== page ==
Adverse coping mechanisms contribute to poor sleep quality

The pilot study included 137 patients who were seen at a sleep clinic between 2017 and 2019 for problems such as obstructive sleep apnea or insomnia. “Having worked in the field of sleep practice for several years, I have noticed many of my patients have problems with insomnia due to their habits,” says Dr. Winegar. Based on patient questionnaires, she analyzed the prevalence of several types of poor coping strategies and how they affect the results of the sleep lab test (polysomnography), providing provides experts with detailed information about sleep patterns.

Consistent with previous insomnia studies, most patients adopted one or more counterproductive strategies to address their sleep problems:

Caffeine. About two-thirds of the patients reported using caffeine. Although commonly used as an energy booster for people who feel sleepy during the day, caffeine can lead to increased sleep problems at night.

Drugs that aid sleep. Nearly half of the patients (47%) took a prescription sleep aid, while another 19% used an over-the-counter (OTC) sleep aid. More than 40% of patients said they had used herbal products, indicating they were “self-medicating” for their sleep problems.

Nap. More than a quarter of patients said they had daily naps, which can contribute to nighttime sleep problems.

These inappropriate coping strategies affected sleep quality in a number of ways. Patients not using a sleep aid entered the critical rapid eye movement (REM) phase of sleep faster than patients taking prescription sleep aids: 131 minutes versus 167 minutes. Patients using prescription sleeping pills also had fewer REM cycles than patients using OTC sleep aids or no sleep aids.

Data shows a number of beneficial effects of sleeping pills prescribed by medical professionals, including shorter sleep duration (time to fall asleep) and higher sleep efficiency. Median sleep duration was 349 minutes for patients taking OTC sleep aids, compared with 332 minutes for those taking prescription sleeping pills and 292 minutes for those not taking sleep aids. Patients who did not take sleep aids were more often agitated at night, which could be a sign of more fragmented and less restful sleep.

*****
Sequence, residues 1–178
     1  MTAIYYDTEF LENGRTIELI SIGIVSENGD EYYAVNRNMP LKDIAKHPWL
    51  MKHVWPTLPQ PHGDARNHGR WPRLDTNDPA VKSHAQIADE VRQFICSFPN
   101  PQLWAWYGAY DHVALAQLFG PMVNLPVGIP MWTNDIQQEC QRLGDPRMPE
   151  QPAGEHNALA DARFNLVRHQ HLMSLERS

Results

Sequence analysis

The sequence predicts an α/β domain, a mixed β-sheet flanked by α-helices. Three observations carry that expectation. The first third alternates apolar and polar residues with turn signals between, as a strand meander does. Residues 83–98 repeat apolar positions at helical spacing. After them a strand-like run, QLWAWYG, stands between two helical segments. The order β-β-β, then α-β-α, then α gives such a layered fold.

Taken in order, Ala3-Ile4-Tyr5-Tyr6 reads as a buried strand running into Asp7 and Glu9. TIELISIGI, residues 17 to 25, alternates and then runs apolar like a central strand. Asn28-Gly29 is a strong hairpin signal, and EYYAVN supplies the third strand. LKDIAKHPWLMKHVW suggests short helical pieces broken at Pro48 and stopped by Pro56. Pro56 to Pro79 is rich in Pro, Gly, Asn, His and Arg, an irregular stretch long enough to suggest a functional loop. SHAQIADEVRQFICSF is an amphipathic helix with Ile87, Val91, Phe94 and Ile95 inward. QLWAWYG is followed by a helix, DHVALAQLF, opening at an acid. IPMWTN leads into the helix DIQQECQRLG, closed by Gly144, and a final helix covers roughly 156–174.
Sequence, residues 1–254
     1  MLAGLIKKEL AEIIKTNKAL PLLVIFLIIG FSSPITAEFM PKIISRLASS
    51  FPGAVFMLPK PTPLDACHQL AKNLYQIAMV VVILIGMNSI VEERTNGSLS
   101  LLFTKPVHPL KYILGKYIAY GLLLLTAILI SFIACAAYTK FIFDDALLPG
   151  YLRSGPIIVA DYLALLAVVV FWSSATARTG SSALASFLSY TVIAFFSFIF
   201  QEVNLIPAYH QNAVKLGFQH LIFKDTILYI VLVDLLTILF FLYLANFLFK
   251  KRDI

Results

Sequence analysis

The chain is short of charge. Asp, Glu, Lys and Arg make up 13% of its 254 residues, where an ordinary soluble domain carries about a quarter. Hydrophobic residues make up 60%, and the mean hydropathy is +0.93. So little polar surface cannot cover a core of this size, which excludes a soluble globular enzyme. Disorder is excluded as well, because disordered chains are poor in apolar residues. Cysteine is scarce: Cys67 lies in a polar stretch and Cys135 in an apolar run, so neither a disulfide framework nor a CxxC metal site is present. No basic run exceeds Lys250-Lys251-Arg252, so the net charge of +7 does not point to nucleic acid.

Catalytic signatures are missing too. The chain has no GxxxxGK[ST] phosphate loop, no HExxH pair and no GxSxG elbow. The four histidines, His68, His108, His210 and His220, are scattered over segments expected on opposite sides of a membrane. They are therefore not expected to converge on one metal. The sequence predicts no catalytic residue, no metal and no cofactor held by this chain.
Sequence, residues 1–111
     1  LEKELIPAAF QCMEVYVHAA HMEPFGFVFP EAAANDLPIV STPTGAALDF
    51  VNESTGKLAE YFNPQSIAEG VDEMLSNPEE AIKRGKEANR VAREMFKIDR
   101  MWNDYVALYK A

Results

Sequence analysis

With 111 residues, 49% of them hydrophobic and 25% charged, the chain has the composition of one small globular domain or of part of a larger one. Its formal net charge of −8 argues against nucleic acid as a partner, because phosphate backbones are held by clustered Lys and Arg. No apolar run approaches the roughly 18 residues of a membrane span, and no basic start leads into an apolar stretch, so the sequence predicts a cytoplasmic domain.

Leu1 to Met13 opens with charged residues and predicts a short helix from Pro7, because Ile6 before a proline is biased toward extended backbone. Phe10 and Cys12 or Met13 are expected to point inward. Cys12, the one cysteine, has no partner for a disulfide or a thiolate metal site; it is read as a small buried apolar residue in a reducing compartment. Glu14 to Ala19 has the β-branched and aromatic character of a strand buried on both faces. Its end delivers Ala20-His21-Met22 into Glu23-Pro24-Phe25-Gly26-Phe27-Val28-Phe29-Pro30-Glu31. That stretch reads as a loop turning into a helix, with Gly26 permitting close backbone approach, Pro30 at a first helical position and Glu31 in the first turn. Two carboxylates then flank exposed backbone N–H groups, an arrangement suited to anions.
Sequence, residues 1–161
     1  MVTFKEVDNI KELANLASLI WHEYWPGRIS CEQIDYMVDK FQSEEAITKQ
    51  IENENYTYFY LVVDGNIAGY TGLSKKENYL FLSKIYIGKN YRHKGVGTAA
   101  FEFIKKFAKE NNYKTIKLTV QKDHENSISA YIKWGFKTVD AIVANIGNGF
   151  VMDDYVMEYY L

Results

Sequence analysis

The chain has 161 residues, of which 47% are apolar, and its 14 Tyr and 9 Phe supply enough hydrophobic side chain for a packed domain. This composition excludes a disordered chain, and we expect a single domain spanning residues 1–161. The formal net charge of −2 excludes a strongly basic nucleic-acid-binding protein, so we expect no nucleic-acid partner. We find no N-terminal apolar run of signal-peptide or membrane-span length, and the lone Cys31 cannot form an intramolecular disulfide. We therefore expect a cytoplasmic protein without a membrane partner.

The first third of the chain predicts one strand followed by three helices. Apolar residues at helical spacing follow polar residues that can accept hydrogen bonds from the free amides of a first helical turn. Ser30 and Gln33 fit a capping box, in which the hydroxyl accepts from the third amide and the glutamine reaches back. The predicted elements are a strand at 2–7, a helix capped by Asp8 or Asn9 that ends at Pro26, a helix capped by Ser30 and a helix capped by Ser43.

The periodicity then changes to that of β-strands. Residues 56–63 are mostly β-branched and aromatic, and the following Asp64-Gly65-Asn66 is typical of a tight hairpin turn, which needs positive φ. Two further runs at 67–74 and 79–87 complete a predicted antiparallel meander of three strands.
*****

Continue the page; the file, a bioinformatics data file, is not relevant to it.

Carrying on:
Patients who used caffeine had longer REM sleep – with the exception of those who had more than two servings of caffeine per day. Patients who nap regularly are less sleepy during the day but have a longer sleep latency than those who don’t nap.

“Learning about good sleep hygiene and making some small changes to their routine – going to bed at the same time, turning off the TV and lights while in bed – can help patients sleep better without using sleep aids”, Dr. Wine vinegar.

She advises patients with insomnia or other sleep problems to create a new routine to “prioritize sleep.” Dr. Winegar adds: “Always plan to get eight hours of sleep each night. “No napping. Keep the same sleep hygiene routine and sleep schedule every day.”

Sleep Awareness Week® is the National Sleep Foundation’s national public education campaign that celebrates sleep health and encourages the public to prioritize sleep for improved health and well-being. Recognizing and avoiding the unintended consequences of bad coping strategies will support our mission to learn about the benefits of optimal sleep and how sleep affects health, happiness and safety. .

Source: Eurekalert

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